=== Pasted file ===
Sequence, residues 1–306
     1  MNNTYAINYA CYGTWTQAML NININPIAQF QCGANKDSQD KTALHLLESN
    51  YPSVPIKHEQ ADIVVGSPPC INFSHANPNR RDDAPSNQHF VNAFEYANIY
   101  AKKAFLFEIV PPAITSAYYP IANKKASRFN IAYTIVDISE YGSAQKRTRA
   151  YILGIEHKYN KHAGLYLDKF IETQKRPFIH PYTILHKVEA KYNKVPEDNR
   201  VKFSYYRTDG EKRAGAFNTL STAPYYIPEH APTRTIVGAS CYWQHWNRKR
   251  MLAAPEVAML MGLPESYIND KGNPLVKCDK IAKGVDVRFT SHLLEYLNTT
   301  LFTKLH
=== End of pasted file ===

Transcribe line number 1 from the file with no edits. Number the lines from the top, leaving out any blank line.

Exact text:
Sequence, residues 1–306